President Trump on Thursday signed a $19.1 billion disaster aid bill that languished for months in Congress amid competing demands for border wall funding and aid for hurricane-ravaged Puerto Rico.
Trump tweeted a photo of himself holding the signed bill in what appeared to his office on Air Force One. The tweet came shortly after he'd landed in Ireland following a ceremony in France commemorating the D-Day invasion.
Trump said the aid, which will benefit states including Georgia and Florida, is "so important for our GREAT American farmers and ranchers."
Trump also tweeted that Puerto Rico "should love President Trump," claiming that "without me, they would have been shut out!"
The House on Monday gave the measure final congressional approval by a 354-58 vote in the House's first significant action after returning from a 10-day recess. It was backed by all 222 voting Democrats and 132 Republicans, including the GOP's top leaders and many of its legislators from areas hit by hurricanes, floods, tornadoes and fires. Fifty-eight Republicans voted "no," including many of the party's most conservative members.
Conservative Republicans in the House held up the bill last week, objecting on three occasions to efforts by Democratic leaders to pass the bill by a voice vote requiring unanimity. They said the legislation — which reflects an increasingly permissive attitude in Washington on spending to address disasters that sooner or later hit every region — shouldn't be rushed through without a recorded vote.
The measure was initially held up over a fight between Trump and Democrats over aid to Puerto Rico.
"Some in our government refused to assist our fellow Americans in Puerto Rico who are still recovering from a 2017 hurricane. I'm pleased we've moved past that," said House Appropriations Committee Chairwoman Nita Lowey, D-N.Y. "Because when disaster strikes, we shouldn't let a ZIP code dictate our response."
The measure also faced delays amid failed talks on Trump's $4 billion-plus request to care for thousands of mostly Central American migrants being held at the southern border. The sides narrowed their differences but couldn't reach agreement in the rush to go on recess, but everyone agrees that another bill will be needed almost immediately to refill nearly empty agency accounts to care for migrants.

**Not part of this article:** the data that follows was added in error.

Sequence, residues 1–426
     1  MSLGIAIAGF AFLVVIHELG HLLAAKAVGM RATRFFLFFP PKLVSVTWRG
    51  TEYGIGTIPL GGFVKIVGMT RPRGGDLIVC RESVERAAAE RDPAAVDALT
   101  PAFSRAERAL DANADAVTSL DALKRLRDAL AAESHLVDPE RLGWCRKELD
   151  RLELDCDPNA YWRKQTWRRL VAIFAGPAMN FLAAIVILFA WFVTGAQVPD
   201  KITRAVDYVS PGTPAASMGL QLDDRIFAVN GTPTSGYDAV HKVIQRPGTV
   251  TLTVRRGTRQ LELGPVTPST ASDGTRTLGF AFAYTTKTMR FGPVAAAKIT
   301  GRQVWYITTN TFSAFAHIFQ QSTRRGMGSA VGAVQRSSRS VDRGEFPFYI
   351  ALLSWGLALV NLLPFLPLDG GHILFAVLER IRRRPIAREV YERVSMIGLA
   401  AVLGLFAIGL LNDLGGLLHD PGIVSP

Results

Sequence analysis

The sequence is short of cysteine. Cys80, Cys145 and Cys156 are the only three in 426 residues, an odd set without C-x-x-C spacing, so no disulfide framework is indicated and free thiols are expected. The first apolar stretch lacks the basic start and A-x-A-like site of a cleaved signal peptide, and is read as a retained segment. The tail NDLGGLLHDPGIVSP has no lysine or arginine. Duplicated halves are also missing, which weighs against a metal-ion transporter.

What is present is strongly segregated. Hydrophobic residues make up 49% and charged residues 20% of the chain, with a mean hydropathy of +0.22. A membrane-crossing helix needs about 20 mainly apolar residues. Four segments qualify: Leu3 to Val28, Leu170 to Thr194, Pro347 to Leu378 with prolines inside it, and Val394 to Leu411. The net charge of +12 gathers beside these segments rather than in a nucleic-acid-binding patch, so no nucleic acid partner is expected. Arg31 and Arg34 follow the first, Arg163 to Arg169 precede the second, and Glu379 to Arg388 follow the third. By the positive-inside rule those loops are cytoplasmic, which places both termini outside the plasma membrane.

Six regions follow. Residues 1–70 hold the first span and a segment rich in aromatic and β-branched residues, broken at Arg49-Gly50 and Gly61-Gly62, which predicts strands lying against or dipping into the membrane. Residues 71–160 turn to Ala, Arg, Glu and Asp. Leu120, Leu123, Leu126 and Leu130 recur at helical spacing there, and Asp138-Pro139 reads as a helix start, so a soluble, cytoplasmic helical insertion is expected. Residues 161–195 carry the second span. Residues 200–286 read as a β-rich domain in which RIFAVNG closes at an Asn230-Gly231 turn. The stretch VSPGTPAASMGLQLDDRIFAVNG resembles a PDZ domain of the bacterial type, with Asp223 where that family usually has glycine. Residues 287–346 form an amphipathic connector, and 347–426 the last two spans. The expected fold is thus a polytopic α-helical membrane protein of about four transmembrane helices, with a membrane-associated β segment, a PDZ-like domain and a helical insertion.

"We must work together quickly to pass a bill that addresses the surge of unaccompanied children crossing the border and provides law enforcement agencies with the funding they need," said top Appropriations Committee Republican Kay Granger of Texas. "The stakes are high. There are serious — life-or-death — repercussions if the Congress does not act."
The measure is largely the same as a version that passed the House last month. Republicans opposed it for leaving out the border funding. Among the reasons was a demand by House liberals to block the Homeland Security Department from getting information from federal social welfare authorities to help track immigrants residing in the U.S. illegally who take migrant refugee children into their homes. As the measure languished, disasters kept coming — with failed levees in Arkansas, Iowa and Missouri and tornadoes across Ohio just the most recent examples.
The measure is supported by the bipartisan leadership in both the House and the Senate. The legislation is also being driven by Florida and Georgia lawmakers steaming with frustration over delays in delivering help to farmers, towns and military bases slammed by hurricanes last fall. Flooding in Iowa and Nebraska this spring added to the coalition behind the measure, which delivers much of its help to regions where Trump supporters dominate.
The bill started out as a modest $7.8 billion measure passed in the last days of House GOP control. A $14 billion version advanced in the Democrat-led chamber in January and ballooned to $19.1 billion by the time it emerged from the floor last month, fed by new funding for community rehabilitation projects, Army Corps of Engineers water and flood protection projects and rebuilding funds for several military bases, including Offutt Air Force Base in Nebraska.
Many Republicans opposed funding to mitigate future disasters as part of rebuilding projects when Superstorm Sandy funding passed in 2013, only to embrace it now that areas such as suburban Houston need it. Democrats, for their part, held firm for what ended up as roughly $1.4 billion for Puerto Rico, letting Trump feud with the U.S. territory's Democratic officials for weeks and deflecting political blame for stalling the bill.
The Associated Press contributed to this report.